1 November 16, 2009 Attorney General Eric Holder United by ltq93779


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www.LC.org                                                                           liberty@LC.org

                                          Reply to: Virginia

                                              November 16, 2009

Attorney General Eric Holder
United States Department of Justice
950 Pennsylvania Avenue, NW
Washington, DC 20530-0001
(202) 353-1555

       Re: Federal Hate Crimes Legislation

Dear Attorney General Holder:

        Liberty Counsel is a non-profit litigation, education and policy organization with offices
in Florida, Virginia, Texas and Washington, D.C., and hundreds of affiliate attorneys across the
nation. As an organization that defends the Constitution, and particularly individuals’ rights to
free speech and free exercise of religion, we are very concerned about the passage of recent

        The Matthew Shepard and James Byrd, Jr. Hate Crimes Prevention Act (“HCP Act”) that
was passed by Congress on October 22, 2009, and signed into law by President Obama on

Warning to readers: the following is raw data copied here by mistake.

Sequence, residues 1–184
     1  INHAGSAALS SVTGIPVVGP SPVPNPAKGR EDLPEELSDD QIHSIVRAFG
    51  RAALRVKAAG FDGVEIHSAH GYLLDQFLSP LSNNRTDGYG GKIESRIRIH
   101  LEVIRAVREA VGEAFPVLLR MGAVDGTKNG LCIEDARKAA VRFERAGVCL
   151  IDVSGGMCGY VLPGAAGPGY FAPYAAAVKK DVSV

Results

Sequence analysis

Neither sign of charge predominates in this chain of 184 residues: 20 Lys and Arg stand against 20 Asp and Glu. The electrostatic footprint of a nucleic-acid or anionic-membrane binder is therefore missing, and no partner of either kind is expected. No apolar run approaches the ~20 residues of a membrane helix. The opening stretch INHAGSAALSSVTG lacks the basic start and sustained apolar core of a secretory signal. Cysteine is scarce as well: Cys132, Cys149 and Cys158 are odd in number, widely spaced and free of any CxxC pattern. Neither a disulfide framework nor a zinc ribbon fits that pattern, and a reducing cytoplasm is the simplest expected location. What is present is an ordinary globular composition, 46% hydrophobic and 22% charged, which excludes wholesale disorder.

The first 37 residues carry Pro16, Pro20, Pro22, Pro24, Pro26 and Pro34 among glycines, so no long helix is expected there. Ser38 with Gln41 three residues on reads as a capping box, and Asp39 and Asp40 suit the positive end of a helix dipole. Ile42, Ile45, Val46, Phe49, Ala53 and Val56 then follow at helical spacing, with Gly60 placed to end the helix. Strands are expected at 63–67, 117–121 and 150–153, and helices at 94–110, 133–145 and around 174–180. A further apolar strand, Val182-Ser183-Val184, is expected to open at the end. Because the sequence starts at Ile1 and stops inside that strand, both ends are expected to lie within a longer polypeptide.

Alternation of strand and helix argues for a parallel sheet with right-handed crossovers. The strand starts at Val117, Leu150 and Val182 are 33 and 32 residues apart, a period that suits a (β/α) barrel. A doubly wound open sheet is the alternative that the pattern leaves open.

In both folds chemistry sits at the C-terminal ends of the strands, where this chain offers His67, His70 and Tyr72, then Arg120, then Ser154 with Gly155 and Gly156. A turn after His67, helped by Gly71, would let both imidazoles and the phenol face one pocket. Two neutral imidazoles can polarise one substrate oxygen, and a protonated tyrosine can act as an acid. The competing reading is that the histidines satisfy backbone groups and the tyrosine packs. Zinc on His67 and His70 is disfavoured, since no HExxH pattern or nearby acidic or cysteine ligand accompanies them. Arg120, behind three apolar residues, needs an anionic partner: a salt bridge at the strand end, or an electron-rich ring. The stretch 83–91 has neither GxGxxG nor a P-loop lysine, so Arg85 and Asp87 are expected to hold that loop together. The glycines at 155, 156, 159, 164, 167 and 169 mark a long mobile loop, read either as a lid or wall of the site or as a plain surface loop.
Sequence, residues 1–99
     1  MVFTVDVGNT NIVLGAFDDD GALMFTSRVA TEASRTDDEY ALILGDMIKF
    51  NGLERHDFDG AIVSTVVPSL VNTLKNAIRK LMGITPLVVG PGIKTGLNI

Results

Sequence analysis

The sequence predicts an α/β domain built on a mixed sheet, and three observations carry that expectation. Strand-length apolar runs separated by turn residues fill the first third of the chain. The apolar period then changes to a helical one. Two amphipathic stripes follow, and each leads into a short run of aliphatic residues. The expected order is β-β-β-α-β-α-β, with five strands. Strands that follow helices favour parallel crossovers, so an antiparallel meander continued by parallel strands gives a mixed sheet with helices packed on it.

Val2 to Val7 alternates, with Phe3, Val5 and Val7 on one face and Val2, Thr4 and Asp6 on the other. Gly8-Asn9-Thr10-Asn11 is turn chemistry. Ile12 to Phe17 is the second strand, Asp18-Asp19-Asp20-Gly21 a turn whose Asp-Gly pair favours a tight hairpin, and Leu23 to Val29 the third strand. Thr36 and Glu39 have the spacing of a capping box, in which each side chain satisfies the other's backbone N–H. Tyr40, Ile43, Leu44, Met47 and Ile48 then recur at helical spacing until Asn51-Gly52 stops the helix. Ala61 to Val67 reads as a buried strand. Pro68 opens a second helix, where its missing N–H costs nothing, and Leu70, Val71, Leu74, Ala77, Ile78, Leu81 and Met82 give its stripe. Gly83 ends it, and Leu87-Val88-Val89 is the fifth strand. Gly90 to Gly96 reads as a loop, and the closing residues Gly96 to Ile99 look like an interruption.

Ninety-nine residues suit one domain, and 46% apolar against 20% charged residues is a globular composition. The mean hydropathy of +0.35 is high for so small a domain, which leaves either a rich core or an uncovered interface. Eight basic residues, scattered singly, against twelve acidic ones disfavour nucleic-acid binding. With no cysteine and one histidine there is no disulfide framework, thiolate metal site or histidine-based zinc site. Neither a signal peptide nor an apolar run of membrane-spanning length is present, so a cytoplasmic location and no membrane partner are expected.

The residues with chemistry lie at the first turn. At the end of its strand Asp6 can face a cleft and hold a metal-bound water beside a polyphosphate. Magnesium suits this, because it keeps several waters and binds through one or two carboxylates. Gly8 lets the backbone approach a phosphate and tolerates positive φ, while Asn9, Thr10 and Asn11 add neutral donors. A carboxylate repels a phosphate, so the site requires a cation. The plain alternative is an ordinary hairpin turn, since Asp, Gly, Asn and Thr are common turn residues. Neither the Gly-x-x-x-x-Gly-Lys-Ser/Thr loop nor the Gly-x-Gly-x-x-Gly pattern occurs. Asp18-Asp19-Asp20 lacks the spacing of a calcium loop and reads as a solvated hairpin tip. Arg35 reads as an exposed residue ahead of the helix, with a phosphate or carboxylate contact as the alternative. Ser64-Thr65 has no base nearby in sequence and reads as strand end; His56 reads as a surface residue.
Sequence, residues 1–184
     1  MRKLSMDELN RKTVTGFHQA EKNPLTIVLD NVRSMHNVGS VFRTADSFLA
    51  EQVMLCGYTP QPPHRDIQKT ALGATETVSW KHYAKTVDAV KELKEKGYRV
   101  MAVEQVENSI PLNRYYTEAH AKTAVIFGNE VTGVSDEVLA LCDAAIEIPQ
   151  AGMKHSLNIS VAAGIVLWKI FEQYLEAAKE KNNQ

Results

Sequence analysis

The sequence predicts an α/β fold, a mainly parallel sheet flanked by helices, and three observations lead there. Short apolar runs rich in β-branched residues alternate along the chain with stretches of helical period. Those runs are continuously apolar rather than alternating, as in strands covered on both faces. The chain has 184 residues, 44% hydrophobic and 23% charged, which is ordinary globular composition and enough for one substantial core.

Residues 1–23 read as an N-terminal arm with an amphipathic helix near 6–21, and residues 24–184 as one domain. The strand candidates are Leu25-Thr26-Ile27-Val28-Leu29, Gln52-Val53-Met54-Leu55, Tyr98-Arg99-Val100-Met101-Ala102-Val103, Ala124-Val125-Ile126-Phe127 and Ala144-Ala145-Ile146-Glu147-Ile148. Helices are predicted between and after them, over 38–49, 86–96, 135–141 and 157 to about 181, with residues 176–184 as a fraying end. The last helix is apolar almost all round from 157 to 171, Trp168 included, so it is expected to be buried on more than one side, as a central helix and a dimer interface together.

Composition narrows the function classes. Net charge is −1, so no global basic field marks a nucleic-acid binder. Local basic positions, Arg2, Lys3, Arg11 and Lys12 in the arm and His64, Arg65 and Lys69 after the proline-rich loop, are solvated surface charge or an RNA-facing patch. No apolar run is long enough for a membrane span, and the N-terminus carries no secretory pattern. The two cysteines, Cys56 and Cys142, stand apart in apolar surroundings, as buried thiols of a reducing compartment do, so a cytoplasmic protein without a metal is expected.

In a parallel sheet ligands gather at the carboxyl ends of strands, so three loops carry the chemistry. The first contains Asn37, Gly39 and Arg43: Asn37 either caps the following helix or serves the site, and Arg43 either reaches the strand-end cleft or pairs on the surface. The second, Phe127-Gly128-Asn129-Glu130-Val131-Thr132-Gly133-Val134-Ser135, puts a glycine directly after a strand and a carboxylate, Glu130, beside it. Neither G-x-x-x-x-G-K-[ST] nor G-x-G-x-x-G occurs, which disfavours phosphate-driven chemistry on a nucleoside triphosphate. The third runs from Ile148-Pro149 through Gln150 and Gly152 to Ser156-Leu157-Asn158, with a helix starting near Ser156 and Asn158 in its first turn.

October 28, 2009, is, in our opinion, unconstitutional. Not only does Congress not have the
authority to pass such a law under the guise of the Commerce Clause, but the HCP Act
implicates First Amendment rights as well.

        Congress does not have the authority to enact legislation creating specific penalties for
violent crimes when those crimes are not related to economic activity and did not substantially
affect interstate commerce. In United States v. Morrison, 529 U.S. 598, 608-610 (2000), the
United State Supreme Court struck down the Violence Against Women Act (“VAW Act”) on the
basis that such local legislation that had no significant impact on commerce was beyond the
authority of Congress. The statute in Morrison is analogous to the alleged rationale behind the
HCP Act, namely that violence motivated by a characteristic of the victim should result in
greater penalties against the perpetrator of the violence.